Nation: The Puzzling Paisley Case

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There were some seemingly puzzling discrepancies between the corpse and Paisley. It weighed 144 lbs., while he weighed 175. The body was clothed in size 30 undershorts; Paisley had a 34-in. waist. Paisley's height, however, matched that of the recovered body: both were 5 ft. 11 in.

There were also questions about the assumed manner of death. Two unexpended 9-mm cartridges were found on the boat. A 9-mm slug was found in the head of the corpse. Paisley was known to have owned a 9-mm pistol. Unfortunately, it is missing. But if he shot himself on the boat, would not the gun have been found on it? Replied Maryland state police: not if he jumped in the water first or shot himself in such a way that both he and the gun fell overboard.

The weights on the body could be readily explained: Paisley was a scuba diver. There was also an explanation for the radio equipment aboard the Brillig. Paisley was an amateur radio operator (call sign: K4BM), who carried two different portable transceivers on his boat, one for short-range and one for long-range chats with other hams. In addition, he had two-way marine radiotelephone equipment aboard.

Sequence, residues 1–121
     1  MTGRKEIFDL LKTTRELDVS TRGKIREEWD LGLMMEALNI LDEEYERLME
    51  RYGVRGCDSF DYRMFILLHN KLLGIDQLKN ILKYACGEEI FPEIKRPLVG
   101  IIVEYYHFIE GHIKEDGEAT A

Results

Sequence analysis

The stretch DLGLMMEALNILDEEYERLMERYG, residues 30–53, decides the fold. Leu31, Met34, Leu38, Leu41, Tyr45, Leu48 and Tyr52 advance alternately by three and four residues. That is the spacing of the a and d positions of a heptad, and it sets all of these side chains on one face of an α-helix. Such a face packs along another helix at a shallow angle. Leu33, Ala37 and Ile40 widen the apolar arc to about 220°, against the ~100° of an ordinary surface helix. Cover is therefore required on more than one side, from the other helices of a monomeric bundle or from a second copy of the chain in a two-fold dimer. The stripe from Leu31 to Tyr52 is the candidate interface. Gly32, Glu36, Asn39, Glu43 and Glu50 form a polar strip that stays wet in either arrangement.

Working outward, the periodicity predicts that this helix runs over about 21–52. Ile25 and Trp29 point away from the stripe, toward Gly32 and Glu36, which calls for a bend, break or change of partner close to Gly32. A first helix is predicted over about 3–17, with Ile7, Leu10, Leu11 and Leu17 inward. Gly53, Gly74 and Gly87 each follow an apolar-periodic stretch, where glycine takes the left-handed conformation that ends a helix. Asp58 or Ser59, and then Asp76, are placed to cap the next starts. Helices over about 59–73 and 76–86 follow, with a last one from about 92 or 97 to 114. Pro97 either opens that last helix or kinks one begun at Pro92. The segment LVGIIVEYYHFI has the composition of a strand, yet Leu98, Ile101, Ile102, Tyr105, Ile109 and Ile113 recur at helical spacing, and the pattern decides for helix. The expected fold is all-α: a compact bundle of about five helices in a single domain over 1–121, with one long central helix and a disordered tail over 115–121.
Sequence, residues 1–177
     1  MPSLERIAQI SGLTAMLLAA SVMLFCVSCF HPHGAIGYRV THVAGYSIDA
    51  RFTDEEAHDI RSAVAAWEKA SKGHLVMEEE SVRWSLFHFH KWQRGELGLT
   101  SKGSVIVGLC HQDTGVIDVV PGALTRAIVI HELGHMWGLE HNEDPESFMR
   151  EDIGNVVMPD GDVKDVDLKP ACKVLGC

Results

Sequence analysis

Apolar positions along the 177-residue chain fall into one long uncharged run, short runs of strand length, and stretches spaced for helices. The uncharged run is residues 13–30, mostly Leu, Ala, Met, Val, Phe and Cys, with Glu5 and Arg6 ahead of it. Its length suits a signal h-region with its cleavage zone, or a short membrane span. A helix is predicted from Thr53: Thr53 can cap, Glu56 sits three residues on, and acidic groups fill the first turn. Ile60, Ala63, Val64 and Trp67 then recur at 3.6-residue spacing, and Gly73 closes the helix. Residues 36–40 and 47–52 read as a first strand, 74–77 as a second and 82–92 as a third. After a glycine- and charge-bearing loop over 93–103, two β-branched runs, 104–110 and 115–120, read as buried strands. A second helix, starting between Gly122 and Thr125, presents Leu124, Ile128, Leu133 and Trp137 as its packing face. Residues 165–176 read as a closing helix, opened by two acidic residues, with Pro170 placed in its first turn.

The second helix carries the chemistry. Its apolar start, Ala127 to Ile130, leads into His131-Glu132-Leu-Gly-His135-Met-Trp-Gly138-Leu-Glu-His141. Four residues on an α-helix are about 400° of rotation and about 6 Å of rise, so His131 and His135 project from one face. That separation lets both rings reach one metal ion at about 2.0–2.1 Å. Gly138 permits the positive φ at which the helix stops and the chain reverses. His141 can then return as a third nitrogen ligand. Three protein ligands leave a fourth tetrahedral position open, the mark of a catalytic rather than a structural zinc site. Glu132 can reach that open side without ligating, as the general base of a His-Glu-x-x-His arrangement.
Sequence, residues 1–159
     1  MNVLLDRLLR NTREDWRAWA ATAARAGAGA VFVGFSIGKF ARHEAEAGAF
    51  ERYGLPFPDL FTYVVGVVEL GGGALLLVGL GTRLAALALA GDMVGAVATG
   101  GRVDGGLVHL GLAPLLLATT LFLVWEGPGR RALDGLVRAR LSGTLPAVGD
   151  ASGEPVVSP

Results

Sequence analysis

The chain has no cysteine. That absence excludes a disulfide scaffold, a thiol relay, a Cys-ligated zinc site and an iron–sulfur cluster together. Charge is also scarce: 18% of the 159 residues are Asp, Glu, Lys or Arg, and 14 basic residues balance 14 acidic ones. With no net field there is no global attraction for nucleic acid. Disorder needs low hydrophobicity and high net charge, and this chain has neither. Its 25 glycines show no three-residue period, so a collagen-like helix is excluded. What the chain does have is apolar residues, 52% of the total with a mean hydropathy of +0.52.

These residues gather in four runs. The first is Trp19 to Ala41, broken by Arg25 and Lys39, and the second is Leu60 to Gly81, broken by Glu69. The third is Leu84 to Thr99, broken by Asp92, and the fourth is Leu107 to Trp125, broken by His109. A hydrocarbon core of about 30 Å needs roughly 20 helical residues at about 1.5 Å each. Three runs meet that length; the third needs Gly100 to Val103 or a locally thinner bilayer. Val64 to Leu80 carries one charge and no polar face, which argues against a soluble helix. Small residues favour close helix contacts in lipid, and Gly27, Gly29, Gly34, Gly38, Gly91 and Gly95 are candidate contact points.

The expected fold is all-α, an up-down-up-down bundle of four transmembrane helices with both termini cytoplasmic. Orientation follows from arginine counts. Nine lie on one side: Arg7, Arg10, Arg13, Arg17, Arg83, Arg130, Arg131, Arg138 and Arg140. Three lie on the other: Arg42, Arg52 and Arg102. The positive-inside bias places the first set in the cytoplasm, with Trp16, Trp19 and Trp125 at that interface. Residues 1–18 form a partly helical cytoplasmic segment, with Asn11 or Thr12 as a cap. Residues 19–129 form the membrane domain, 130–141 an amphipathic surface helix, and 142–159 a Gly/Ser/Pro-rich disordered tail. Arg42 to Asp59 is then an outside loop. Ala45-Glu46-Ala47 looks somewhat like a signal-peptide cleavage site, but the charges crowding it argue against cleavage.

The CIA's initial action after the sloop was found was not entirely helpful to state investigators. Representatives of the agency, accompanied by Mrs. Paisley, visited both the sloop and Paisley's apartment before police were called in. Exactly what they found at either site is not known, but police consider this kind of entry an unwelcome "contamination" of evidence. Said former State Police Captain Paul Rappaport, who led the investigation last year: "Contamination certainly hurt the investigation. There were no eyewitnesses. We could only rely on physical evidence." But there was little physical evidence left by the time police were called in.

The CIA depicted Paisley at first as an expert on the Soviet economy. In fact, his job was to analyze the Soviet Union's military capability, meaning he had access to CIA data about Soviet nuclear weaponry and was aware of how the CIA acquired the information. After retiring from the CIA in 1974, Paisley had been working full time for a private accounting firm, and part time as a CIA consultant. He was helping to coordinate a highly sensitive assessment of Soviet strategic strength, which gave him continuing access to secret CIA data. A draft of his final report on this study was found aboard the Brillig.

The CIA denies that Paisley was a key interrogator of famed Soviet Intelligence Agent Yuri Nosenko, who defected to the U.S. in 1964 and has been suspected by some CIA officials of being a Kremlin plant. But other Government officials insist Paisley not only helped question Nosenko but defended him as a true defector and became his friend.

TIME has learned that a longstanding internal CIA search for a Soviet "mole," or double agent, within its ranks had been focusing on Paisley's department at the CIA just before his retirement. In addition, Paisley faced a fresh round of interrogation by CIA officials as part of a routine double check of his background.

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